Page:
• 25. Types of Graph Algorithms ● Stationary Graph Algorithms: – Algorithms with fixed message distribution across superstep – All vertices are either active or inactive at same time – i.e. PageRank, Diameter Estimation and weakly connected components. ● Non-stationary Graph Algorithms – Algorithms with variable message distribution across supersteps – Vertices can be active and inactive independent to others – i.e. Distributed Minimal spanning tree
  • 26. Mizan architecture ● Each Mizan worker contains three distinct main components: BSP Processor, communicator and storage manager. ● The distributed hash table (DHT) is used to maintain the location of each vertex ● The migration planner interacts with other components during the BSP barrier
  • 27. Mizans Barriers
  • 28. Dynamic migration: Statistics ● Mizan monitors the following for every vertex: – Response time – Remote outgoing messages – Incoming messages
  • 29. Dynamic migration: planning ● Mizans migration planner runs after the BSP barrier and creates a new barrier. The planning includes the following steps: – Identifying unbalanced workers. – Identifying migration objective: ● Response time ● Incoming messages ● Outgoing messages – Pair over-utilized workers with underutilized – Select vertices to migrate
  • 30. Mizans Migration Work-flow
  • 31. Mizan PageRank Compute() Examplevoid compute(messageIterator<mDouble> * messages, userVertexObject<mLong, mDouble, mDouble, mLong> * data,messageManager<mLong, mDouble, mDouble, mLong> * comm) {       double currVal = data­>getVertexValue().getValue();       double newVal = 0;  double c = 0.85;       while (messages­>hasNext()) {            double tmp = messages­>getNext().getValue(); Processing            newVal = newVal + tmp; Messages       }       newVal = newVal * c + (1.0 ­ c) / ((double) vertexTotal);       mDouble outVal(newVal / ((double) data­>getOutEdgeCount()));       if (data­>getCurrentSS() <= maxSuperStep) {          for (int i = 0; i < data­>getOutEdgeCount(); i++) { Termination               comm­>sendMessage(data­>getOutEdgeID(i), outVal);               data­>getOutEdgeID(i); Condition          }        } else {           data­>voteToHalt();        } Sending to        Neighbors      data­>setVertexValue(mDouble(newVal));}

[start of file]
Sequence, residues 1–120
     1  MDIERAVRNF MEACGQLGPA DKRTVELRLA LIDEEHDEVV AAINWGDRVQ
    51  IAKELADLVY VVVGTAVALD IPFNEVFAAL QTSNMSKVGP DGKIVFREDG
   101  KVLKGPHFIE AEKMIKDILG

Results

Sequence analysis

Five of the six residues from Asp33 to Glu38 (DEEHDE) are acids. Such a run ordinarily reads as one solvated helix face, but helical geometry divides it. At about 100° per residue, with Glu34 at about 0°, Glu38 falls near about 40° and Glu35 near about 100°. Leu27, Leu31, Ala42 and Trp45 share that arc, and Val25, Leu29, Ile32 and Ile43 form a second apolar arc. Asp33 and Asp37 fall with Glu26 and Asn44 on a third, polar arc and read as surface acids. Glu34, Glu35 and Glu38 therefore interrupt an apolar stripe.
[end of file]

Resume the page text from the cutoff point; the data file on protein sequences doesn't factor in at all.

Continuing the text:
• 32. Mizan PageRank Combiner Examplevoid combineMessages(mLong dst, messageIterator<mDouble> * messages,messageManager<mLong, mDouble, mDouble, mLong> * mManager) {       double newVal = 0;       while (messages­>hasNext()) {              double tmp = messages­>getNext().getValue();              newVal = newVal + tmp;       }       mDouble messageOut(newVal);       mManager­>sendMessage(dst,messageOut);}
  • 33. Mizan Max Aggregator Exampleclass maxAggregator: public IAggregator<mLong> {Public:       mlong aggValue;       maxAggregator() {          aggValue.setValue(0);       }       void aggregate(mLong value) {           if (value > aggValue) {               aggValue = value;           }       }       mLong getValue() {            return aggValue;       }       void setValue(mLong value) {            this­>aggValue = value;       }              virtual ~maxAggregator() {}};
  • 34. Class Assignment ● Your assignment is to configure, install and run Mizan on a single Linux machine throw following this tutorial: https://thegraphsblog.wordpress.com/mizan-on-ubuntu/ ● By the end of the tutorial, you should be able to execute the command on your machine: mpirun ­np 2 ./Mizan­0.1b ­u ubuntu ­g web­Google.txt ­w 2 ● Deliverables: you store the output of of the above command and submit it by Wednesdays class. ● Any questions regarding the tutorial or to get an account for a Ubuntu machine, contact me on: zuhair.khayyat@kaust.edu.sa